No methods currently exist for the early detection of Alzheimer’s disease, which affects one out of nine people over the age of 65. However, an interdisciplinary team of Northwestern University scientists and engineers has developed a noninvasive MRI approach that can detect the disease in a living animal. And it can do so at the earliest stages of the disease, well before typical Alzheimer’s symptoms appear.

Led by neuroscientist William L. Klein and materials scientist Vinayak P. Dravid, the research team developed an MRI (magnetic resonance imaging) probe that pairs a magnetic nanostructure (MNS) with an antibody that seeks out the amyloid beta brain toxins responsible for onset of the disease. The accumulated toxins, because of the associated magnetic nanostructures, show up as dark areas in MRI scans of the brain.

This ability to detect the molecular toxins may one day enable scientists to both spot trouble early and better design drugs or therapies to combat and monitor the disease. And, while not the focus of the study, early evidence suggests the MRI probe improves memory, too, by binding to the toxins to render them “handcuffed” to do further damage.

“Using MRI, we can see the toxins attached to neurons in the brain,” Klein said. “We expect to use this tool to detect this disease early and to help identify drugs that can effectively eliminate the toxin and improve health.”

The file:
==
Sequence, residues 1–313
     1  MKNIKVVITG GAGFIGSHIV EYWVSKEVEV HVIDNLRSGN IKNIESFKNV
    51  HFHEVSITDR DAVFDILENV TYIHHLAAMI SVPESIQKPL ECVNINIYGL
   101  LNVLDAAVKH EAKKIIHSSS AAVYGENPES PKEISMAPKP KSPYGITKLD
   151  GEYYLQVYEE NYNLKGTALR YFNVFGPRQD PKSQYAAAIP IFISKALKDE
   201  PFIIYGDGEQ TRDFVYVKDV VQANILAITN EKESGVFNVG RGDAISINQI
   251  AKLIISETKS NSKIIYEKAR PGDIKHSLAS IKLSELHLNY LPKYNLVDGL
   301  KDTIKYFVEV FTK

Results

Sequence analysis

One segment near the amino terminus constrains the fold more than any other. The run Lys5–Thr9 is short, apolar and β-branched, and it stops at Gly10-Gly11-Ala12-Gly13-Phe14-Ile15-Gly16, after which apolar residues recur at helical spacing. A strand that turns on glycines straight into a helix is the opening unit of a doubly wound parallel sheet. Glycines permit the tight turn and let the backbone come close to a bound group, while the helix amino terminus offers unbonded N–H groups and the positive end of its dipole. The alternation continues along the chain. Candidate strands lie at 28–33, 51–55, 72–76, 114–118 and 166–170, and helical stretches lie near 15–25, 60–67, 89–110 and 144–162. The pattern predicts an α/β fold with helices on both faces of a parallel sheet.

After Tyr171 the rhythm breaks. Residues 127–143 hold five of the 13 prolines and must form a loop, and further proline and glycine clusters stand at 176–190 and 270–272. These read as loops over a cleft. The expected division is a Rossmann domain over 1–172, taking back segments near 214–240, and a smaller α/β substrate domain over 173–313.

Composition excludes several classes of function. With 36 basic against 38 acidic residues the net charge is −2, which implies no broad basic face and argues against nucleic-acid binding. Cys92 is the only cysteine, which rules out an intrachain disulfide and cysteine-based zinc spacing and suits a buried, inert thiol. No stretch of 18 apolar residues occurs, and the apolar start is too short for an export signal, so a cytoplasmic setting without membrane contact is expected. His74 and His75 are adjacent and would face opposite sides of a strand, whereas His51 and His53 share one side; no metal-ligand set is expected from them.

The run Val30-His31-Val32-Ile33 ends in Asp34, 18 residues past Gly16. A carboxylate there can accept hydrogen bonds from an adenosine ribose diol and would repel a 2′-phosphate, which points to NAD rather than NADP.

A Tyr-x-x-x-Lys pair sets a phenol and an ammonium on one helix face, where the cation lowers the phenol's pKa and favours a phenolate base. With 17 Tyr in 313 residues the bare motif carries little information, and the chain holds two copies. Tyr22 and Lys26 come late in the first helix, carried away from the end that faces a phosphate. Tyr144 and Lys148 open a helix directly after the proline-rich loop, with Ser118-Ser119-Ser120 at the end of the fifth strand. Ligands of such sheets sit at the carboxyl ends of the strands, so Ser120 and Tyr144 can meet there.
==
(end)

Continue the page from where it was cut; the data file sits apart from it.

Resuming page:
With the successful demonstration of the MRI probe, Northwestern researchers now have established the molecular basis for the cause, detection by non-invasive MR imaging and treatment of Alzheimer’s disease. Dravid introduced this magnetic nanostructure MRI contrast enhancement approach for Alzheimer’s following his earlier work utilizing MNS as smart nanotechnology carriers for targeted cancer diagnostics and therapy. (A MNS is typically 10 to 15 nanometers in diameter; one nanometer is one billionth of a meter.)

Details of the new Alzheimer’s disease diagnostic were published by the journal Nature Nanotechnology. Klein and Dravid are co-corresponding authors.

The emotional and economic impacts of Alzheimer’s disease are devastating. This year, the direct cost of the disease in the United States is more than $200 billion, according to the Alzheimer’s Association’s “2014 Alzheimer’s Disease Facts and Figures.” By the year 2050, that cost is expected to be $1.1 trillion as baby boomers age. And these figures do not account for the lost time of caregivers.

This new MRI probe technology is detecting something different from conventional technology: toxic amyloid beta oligomers instead of plaques, which occur at a stage of Alzheimer’s when therapeutic intervention would be very late. Amyloid beta oligomers now are widely believed to be the culprit in the onset of Alzheimer’s disease and subsequent memory loss.

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